This weekend in Leeds was Pride. Sometimes called Gay Pride (it’s not though) Pride began as a radical statement in reclaiming the streets for LGBTQ people.


Pride came to life with the Stonewall riots; a series of demonstrations by members of the LGBTQ community against the police in 1969. “Gay” bars were routinely raided by police in those times but the police lost control of the raid at Stonewall and it quickly erupted into protests; protests that had a very specific reason. Protests that were meant to take back the streets, make the hidden community visible and make a stand. The LGBTQ community began to become cohesive and formed organisations, from which the modern pride comes. Unfortunately the roots of pride have often been forgotten and diluted. Particularly the fact that two prominent instigators were trans women of colour who fought for LGBTQ sex workers and founded street activism to support drag queens and trans women.

I’m new to pride, I’ll admit that. I’ve been to a grand total of 4, but that doesn’t mean I don’t know what it is supposed to be, or what it is not.

Although pride is a space for inclusivity it is easy to forget that when you are a non binary, non gay, non straight person. The flags and colours and chants around you fill the air with gayness, the rainbow flag which represents “GAY” is everywhere and the trans* flags and bi flags jostle to be seen amidst the crowds. The hosts and stage presence is dominated by cis, gay white men. The ally on stage raved about her gay children. And all the time I stood in a crowd of *my people* feeling invisible. Feeling forgotten.

There are so many queer issues that become lost in the noise of gayness. The fact that a friend of mine was taunted and heckled for being 32 and at her first ever pride is disgusting, but a reality. Even the gay community turn on their own for not being gay enough, and all the while more and more people become alienated from a community they thought was theirs.


Once upon a time the LGBTQ community held together because the world clumped us all as *other*, creating a chasm between *us* and *them*. Slowly, gay became accepted (although quite often it was provided that the gay was on the terms of the majority groups with femme men and butch women). Gay people who conform to the vision of gayness are far more readily accepted than a radical queer gay person or a radical femme trans man. And I think that this has created more and more divides within the LGBTQ community. Divides that mean me and my non binary siblings are made to feel forgotten and unwelcome. Divides that mean a bisexual woman in a relationship with a man is straight and therefore has no place at pride. Divides that mean a lesbian who has slept with men but not women is not a “real” lesbian. There are still letters of the LGBTQIA acronym that are ignored or even mocked. Some sexualities or sexual preferences are laughed at and some gender identities are mocked for being “imaginary” or just for indecisive individuals. That isn’t a space of support. That isn’t a safe space. That isn’t inclusive. If we can’t even be accepting of our LGBTQ siblings how can we expect our allies to be accepting?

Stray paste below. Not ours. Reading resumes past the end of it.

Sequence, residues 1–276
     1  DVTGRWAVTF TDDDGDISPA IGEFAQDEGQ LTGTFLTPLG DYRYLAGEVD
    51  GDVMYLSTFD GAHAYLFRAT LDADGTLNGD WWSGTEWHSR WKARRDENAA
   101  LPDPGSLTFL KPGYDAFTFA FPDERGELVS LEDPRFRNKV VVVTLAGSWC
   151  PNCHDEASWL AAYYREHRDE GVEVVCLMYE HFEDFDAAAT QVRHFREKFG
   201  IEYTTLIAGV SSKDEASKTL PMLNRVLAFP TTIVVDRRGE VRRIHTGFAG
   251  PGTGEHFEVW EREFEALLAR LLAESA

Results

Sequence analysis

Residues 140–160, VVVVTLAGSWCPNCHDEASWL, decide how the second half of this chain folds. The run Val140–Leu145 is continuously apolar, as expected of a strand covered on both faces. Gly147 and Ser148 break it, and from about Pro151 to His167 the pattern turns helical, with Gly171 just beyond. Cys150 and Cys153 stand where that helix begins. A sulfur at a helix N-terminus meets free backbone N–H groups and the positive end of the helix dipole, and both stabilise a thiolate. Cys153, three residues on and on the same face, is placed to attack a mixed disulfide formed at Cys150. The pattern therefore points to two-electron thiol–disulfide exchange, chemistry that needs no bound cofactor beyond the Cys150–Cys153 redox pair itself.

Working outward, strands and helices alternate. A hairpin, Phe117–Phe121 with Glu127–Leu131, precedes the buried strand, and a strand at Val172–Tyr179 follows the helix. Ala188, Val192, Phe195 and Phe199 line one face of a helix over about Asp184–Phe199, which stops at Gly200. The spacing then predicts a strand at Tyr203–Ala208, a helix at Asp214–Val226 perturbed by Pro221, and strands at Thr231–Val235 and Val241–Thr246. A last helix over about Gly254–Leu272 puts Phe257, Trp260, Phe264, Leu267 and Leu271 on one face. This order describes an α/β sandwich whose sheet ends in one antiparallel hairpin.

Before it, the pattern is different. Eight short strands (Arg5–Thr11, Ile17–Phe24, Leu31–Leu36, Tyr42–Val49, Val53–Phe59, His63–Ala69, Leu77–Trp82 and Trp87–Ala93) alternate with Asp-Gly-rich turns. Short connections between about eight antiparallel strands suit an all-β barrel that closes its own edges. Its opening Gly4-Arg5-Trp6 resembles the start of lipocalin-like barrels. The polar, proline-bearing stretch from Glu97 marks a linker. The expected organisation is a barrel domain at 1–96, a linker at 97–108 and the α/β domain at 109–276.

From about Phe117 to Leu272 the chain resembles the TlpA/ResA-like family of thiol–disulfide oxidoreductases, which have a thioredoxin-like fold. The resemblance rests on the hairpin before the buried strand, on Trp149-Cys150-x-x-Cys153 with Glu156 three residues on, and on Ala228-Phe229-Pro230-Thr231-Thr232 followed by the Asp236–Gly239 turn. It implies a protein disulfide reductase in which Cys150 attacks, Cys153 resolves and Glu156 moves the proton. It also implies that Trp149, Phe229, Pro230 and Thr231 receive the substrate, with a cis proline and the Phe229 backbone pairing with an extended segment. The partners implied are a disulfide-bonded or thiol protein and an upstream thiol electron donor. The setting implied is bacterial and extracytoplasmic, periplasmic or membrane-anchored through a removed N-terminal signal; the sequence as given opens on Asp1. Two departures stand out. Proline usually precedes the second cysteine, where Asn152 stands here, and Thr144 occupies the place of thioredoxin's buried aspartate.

Pride is amazing, please don’t hear me wrong. As a space for being visible it’s great. But it’s not great for everyone. It’s not always great for what it’s meant for. Pride has become commercialised in so many places, with large corporations sponsoring the parade (which makes it free to public) but which means that the parade is organised to within an inch or its life in order to allow the companies to promote themselves. The radical protest that pride once was no longer exists in many places as it becomes more and more organised and less and less “out there”.

So how do we respond to this? If you are an ally, continue learning and educating yourself. The world doesn’t stand still and the gay community of 10 years ago is not the same as the LGBTQ community that exists now. Standing still in a sea of change is not an answer, for allies of LGBTQ people.


It is for us, the *others* to continue to remember what pride is. It is for us to continue to bring the radical protest to the streets, to challenge people’s perceptions and I believe it is our responsibility to make people uncomfortable. Yes, you head me…If we pussy foot around and let people stay comfortable, nothing will change. Pride will continue year in, year out, marching and chanting and being visible but never making a change. We need to push boundaries. In memory of Marsha P Johnson and Syvlia Rivera who stood their ground and made themselves visible, and vulnerable, we need to reclaim Pride as a political protest.


LJ x


*** I feel that I have tried and failed to articulate how I feel about pride, and I’d love to hear your responses too. Do you agree or disagree? Have you got anything to add? What was Pride like for you?



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